The Best Canadian Discount Brokerage for Customer Service

Quality customer service is essential for every business, and while each of the options in the Canada discount brokerage review has a customer service option, when it comes to the best discount brokerage for customer service it’s pretty neck in neck right now between Qtrade and Questrade. Everything you read about Qtrade mentions their customer service. First of all, they make it really easy to get a hold of their customer support team. You can reach them by phone or email, or even have them call you with the call-back option.

They also have a walk-in office located in Vancouver, BC. Sure, that doesn't help everyone but the fact that they actually do have an in-person office that you can visit makes them pretty unique in the world of online financial businesses.  However, there have been a few recent changes to the Qtrade customer service within the past 2-3 years.

They used to have an online chat option which customers loved but that disappeared in recent years. There have also been recent comments in online threads about exceptionally long wait times recently which customers who have been around for a while are finding incredibly frustrating.  Questrade, on the other hand, has really upped their game in the past couple of years. There is a toll-free number you can use to give them a call and, unlike Qtrade, Questrade does have an online chat option to help you get the answers you need right away.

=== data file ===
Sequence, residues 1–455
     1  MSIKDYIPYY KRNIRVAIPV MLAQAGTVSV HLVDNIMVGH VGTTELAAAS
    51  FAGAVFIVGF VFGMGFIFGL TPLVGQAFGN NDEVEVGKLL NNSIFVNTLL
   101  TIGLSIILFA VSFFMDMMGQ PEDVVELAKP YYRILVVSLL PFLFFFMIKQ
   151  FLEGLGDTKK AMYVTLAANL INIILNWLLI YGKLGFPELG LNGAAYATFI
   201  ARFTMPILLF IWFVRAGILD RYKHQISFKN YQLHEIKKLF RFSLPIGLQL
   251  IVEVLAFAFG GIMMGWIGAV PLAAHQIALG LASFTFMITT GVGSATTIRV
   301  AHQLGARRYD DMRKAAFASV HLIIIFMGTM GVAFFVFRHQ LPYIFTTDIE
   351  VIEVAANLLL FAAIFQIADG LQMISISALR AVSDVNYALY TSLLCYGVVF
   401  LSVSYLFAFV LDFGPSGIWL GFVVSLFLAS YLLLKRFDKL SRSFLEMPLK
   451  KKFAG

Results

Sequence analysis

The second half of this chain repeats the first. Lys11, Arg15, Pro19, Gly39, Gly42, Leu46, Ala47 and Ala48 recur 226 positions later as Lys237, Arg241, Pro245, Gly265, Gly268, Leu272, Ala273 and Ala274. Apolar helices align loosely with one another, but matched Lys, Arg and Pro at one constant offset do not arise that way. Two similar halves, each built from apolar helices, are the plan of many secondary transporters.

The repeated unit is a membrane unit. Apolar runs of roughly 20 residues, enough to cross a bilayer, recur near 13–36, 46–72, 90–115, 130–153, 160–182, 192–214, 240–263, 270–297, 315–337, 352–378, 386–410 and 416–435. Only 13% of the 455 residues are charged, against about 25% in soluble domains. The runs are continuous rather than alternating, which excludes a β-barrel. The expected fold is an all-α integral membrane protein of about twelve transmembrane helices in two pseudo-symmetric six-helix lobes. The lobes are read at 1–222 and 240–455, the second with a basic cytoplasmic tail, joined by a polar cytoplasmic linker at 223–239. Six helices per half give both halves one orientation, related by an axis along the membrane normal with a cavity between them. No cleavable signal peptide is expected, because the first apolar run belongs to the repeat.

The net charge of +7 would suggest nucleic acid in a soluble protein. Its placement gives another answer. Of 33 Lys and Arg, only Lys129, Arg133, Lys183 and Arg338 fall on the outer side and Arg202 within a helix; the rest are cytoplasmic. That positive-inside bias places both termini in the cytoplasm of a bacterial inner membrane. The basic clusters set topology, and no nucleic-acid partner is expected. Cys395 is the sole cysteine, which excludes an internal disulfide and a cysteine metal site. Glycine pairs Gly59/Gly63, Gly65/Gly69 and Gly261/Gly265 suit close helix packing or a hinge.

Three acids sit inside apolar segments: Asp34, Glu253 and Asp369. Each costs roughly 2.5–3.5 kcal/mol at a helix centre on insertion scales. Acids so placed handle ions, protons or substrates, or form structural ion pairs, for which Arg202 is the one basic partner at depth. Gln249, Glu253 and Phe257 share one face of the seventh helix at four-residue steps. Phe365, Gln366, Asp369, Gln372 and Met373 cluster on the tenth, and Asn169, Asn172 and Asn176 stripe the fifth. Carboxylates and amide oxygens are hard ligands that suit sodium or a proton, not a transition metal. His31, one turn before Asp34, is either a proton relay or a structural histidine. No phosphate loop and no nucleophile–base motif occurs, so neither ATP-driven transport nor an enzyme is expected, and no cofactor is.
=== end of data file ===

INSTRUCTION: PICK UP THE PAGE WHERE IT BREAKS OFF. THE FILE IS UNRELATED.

There has been plenty of positive feedback for both of these online brokers and their customer service. Additionally, both options seem to have a number of loyal users which also speaks to customer care. Qtrade has definitely been the long-time leader for this category, however, their recent decline in services has left room for Questrade to push forward and, perhaps, even ahead. 

How to Use an Online Broker for Beginners

Interested in trying your hand at online brokerages? Here’s how to get started.

First of all, you’ll need to figure out your purpose for trading and how aggressive or active you want to be. Do you want to be trading daily? Or are you more interested in the couch potato style of approach? There’s no right or wrong answer, online brokerages work equally well for both strategies. You just need to know what you want to do and have a plan in place that you will keep up with.